We are using two of the first new drugs for tuberculosis in over 50 years in Tajikistan
Tajikistan, a mountainous region located in Central Asia, shares its borders with Afghanistan, China, Kyrgyzstan and Uzbekistan.
Médecins Sans Frontières/Doctors Without Borders (MSF) started working in Tajikistan in 1997.
Since 2011, MSF and the Tajikistan Ministry of Health have been working together to treat patients with drug-resistant forms of tuberculosis (TB).
For the first time in Tajikistan, MSF expanded treatment to children who have been diagnosed with multidrug resistant forms of TB.
MSF has also spearheaded the use of newer, more effective TB medications bedaquiline and delamanid in the country. Starting in 2016, eligible patients began treatment on these first new TB drugs in almost 50 years.
MSF continues to focus on improving children’s access to treatment for tuberculosis (TB) in Tajikistan.
Since 2011, we have been working with the Ministry of Health to diagnose and treat children and their families with drug-sensitive and drug-resistant tuberculosis (DR-TB).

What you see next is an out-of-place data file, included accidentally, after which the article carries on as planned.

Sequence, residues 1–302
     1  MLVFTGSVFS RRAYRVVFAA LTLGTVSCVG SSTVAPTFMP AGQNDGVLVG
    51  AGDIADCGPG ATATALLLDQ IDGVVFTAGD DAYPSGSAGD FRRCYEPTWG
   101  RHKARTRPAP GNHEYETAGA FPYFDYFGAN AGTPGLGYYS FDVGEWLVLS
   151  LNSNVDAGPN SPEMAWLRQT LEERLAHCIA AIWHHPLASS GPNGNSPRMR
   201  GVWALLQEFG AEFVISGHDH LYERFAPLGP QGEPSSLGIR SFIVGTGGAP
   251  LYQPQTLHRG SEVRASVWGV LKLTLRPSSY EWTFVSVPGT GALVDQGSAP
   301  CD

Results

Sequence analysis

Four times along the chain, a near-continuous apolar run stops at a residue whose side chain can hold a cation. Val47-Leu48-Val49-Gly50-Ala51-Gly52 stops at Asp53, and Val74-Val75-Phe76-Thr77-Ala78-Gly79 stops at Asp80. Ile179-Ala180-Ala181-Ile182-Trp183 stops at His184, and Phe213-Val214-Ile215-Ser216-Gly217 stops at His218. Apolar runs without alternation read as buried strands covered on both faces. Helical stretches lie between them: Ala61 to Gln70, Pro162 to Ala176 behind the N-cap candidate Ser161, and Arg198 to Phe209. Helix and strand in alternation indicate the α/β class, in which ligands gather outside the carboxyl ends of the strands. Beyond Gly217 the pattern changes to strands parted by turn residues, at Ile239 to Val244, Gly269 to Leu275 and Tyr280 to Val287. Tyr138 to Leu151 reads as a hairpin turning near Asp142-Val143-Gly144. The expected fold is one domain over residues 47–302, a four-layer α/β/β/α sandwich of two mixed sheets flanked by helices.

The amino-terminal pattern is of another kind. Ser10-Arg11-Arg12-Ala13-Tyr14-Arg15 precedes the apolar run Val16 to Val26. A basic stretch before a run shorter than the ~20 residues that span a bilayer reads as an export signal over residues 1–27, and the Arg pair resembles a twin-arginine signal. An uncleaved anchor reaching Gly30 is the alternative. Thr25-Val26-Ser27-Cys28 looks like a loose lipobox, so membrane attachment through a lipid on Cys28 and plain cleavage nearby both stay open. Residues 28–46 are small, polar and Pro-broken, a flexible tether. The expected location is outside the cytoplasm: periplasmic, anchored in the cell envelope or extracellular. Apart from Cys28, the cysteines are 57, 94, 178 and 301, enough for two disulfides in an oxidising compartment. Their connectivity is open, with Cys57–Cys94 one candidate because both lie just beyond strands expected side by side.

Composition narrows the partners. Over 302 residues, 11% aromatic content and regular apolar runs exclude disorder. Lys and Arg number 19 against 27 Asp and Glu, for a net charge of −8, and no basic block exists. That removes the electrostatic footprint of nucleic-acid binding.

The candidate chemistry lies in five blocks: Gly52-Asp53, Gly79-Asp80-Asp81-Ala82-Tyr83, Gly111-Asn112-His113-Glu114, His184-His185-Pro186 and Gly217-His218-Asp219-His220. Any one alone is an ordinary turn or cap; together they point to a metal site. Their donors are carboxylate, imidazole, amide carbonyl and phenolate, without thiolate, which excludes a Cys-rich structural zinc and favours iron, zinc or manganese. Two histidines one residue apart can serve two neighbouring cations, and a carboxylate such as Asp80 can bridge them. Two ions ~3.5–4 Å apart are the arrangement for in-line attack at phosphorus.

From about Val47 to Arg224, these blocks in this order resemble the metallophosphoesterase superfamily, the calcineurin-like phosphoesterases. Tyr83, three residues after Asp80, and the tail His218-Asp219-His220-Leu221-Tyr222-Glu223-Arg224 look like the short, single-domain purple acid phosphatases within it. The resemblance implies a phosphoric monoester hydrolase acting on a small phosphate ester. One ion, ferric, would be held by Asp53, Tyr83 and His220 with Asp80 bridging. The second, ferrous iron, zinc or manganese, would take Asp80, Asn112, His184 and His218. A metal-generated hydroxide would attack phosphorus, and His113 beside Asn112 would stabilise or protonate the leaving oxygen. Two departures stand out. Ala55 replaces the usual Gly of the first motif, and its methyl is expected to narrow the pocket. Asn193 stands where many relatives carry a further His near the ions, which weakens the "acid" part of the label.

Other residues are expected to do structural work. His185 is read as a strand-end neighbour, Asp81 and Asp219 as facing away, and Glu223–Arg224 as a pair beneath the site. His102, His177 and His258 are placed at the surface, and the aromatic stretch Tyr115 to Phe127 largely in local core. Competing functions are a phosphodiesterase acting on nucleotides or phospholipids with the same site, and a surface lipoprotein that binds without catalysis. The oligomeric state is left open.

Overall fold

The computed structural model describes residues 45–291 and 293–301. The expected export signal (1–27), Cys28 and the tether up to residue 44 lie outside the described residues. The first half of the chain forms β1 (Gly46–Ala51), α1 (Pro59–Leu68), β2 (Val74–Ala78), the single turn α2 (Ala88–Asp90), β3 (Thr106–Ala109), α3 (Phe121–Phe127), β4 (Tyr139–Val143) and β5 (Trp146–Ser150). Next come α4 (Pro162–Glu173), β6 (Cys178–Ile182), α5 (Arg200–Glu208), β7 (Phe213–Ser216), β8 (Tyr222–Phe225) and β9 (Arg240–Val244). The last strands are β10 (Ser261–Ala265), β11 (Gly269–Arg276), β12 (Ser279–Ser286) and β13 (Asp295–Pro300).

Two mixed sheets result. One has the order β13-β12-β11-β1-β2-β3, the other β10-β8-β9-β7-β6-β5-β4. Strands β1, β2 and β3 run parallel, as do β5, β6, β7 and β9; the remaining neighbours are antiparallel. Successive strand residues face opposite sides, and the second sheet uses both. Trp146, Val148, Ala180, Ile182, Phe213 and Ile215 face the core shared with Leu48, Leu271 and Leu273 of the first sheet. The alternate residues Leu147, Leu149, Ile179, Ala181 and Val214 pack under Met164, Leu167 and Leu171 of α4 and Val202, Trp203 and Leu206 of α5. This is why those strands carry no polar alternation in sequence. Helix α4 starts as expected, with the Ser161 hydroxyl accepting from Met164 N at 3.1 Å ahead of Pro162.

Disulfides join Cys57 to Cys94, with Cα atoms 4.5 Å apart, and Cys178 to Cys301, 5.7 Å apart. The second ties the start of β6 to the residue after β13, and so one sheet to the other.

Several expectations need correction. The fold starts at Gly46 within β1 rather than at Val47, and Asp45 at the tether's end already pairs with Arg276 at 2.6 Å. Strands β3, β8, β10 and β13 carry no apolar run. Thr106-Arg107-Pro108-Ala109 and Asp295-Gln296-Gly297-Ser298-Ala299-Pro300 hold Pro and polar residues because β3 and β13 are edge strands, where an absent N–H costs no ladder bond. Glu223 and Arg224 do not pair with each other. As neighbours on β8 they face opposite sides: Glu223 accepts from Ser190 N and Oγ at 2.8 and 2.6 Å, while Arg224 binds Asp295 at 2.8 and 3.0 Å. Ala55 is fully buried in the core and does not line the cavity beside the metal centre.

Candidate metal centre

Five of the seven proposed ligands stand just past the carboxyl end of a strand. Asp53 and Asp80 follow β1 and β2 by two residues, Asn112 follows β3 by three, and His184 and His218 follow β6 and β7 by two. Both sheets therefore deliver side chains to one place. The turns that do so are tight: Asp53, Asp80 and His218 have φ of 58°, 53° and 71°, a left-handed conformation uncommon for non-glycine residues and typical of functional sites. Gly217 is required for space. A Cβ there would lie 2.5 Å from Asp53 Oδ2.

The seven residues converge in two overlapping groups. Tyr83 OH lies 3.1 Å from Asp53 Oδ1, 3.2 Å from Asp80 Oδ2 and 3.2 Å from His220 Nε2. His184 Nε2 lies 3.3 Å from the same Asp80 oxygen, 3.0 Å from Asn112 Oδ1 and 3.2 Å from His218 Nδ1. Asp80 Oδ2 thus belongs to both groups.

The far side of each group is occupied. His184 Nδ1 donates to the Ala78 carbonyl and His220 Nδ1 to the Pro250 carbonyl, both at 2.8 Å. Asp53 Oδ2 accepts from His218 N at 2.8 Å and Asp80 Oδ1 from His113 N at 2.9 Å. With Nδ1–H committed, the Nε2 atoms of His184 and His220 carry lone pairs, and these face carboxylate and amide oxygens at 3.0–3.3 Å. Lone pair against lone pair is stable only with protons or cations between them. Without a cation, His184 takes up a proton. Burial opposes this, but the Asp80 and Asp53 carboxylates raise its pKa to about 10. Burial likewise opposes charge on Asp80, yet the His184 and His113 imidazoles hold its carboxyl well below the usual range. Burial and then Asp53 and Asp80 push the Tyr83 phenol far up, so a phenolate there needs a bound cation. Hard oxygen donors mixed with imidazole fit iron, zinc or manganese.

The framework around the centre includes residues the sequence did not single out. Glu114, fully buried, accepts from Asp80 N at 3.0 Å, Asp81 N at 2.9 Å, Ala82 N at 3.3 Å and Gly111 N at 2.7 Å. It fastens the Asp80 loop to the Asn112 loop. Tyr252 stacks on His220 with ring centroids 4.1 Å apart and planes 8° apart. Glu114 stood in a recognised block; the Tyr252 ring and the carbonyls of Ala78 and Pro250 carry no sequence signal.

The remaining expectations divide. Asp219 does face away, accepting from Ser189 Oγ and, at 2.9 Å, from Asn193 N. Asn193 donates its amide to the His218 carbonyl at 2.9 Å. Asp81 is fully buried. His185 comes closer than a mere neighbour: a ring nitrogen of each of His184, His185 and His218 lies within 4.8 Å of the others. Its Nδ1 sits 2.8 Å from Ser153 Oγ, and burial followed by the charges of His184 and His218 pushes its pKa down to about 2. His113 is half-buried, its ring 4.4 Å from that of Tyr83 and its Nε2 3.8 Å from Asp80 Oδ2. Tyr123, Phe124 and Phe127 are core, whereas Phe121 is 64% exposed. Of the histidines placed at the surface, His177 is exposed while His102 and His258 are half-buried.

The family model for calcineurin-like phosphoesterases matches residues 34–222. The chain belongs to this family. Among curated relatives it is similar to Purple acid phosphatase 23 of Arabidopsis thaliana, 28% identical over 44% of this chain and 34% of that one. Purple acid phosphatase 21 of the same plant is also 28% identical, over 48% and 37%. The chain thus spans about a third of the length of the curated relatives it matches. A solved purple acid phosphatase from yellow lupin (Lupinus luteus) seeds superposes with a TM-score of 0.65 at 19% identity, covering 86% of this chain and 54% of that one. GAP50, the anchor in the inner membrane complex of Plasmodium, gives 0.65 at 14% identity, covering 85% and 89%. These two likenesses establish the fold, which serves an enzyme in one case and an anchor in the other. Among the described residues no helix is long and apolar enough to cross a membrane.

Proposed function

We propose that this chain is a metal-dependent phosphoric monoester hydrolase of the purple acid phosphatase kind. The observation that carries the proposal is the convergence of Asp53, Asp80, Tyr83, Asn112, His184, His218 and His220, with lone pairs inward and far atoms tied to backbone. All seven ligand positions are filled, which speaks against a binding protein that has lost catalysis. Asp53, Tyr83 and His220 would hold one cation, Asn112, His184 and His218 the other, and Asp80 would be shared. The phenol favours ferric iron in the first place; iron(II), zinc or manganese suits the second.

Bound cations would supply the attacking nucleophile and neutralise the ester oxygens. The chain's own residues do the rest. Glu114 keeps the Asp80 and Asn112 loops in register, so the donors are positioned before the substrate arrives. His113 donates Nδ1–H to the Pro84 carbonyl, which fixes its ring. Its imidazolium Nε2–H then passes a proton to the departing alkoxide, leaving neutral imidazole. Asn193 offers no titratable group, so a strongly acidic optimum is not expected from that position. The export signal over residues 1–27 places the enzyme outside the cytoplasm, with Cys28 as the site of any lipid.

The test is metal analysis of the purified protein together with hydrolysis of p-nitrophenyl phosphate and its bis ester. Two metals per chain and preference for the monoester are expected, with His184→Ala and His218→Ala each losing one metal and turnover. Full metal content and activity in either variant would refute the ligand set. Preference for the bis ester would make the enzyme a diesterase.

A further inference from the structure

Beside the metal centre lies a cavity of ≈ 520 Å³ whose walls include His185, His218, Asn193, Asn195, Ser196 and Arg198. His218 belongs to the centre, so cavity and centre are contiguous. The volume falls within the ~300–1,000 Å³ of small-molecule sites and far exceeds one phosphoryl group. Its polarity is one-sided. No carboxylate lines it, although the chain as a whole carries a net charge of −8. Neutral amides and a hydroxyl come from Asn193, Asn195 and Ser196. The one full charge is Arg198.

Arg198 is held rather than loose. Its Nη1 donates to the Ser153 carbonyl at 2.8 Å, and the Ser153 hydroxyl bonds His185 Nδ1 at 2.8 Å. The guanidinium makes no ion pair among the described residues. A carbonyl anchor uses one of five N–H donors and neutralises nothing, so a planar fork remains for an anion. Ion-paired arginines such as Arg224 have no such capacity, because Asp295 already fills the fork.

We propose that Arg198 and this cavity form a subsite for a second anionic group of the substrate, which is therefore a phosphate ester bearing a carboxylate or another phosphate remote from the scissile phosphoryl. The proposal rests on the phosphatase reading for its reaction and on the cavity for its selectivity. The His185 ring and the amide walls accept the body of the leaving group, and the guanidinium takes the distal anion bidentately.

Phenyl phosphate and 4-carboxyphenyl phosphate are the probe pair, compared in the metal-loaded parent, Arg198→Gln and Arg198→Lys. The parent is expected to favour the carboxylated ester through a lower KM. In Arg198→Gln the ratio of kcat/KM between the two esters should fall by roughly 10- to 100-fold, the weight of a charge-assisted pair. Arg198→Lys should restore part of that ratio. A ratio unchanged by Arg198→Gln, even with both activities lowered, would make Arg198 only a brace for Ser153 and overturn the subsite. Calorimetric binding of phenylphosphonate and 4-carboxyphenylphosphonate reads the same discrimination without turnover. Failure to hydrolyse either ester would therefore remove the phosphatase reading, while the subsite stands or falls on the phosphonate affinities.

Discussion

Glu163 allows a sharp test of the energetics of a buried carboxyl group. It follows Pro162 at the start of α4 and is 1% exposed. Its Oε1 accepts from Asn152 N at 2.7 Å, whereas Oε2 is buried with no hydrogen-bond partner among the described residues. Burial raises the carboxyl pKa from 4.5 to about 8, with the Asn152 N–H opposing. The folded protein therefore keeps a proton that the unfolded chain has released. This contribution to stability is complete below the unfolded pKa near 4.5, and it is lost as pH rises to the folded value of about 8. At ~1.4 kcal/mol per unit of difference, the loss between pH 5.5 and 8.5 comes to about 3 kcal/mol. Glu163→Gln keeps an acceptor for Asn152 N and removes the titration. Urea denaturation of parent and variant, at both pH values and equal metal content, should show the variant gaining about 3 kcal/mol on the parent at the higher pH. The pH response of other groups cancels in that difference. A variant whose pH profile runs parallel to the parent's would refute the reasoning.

In 2016, two promising new drugs – bedaquiline and delaminid – were used for the first time in the country. Currently, 17 patients are on bedaquiline, and another four are on delaminid.
Where possible, we aim to treat patients at home to demonstrate that comprehensive TB care for children is feasible. We also support the paediatric ward in Machiton hospital.
Comprehensive TB care model
Our comprehensive model of TB care includes:
- Patient follow-up.
- Active testing for new patients.
- Laboratory diagnosis.
- Individualised treatment.
- Psychosocial support (including play therapy).
- Treating children who have both TB and HIV, and/or TB and severe malnutrition.
In 2016, we worked with the Ministry of Health to finalise the third version of the paediatric guide for Tajikistan – which provides information about best practices for treating children with TB.
Since the start of the project, 147 patients with TB have been treated.
HIV and family project
In the south of the country, we run the Kulob paediatric HIV and family project.
The main objective is to reduce morbidity and mortality of children with HIV/AIDS – with a special focus on co-infections and the prevention of HIV transmission.
In 2016, we:
- Assisted 79 patients (62 children, 17 family members) with treatment for opportunistic infections, prevention of mother-to-child HIV transmission, and a nutritional and social support programme.
Find out more in our International Activity Report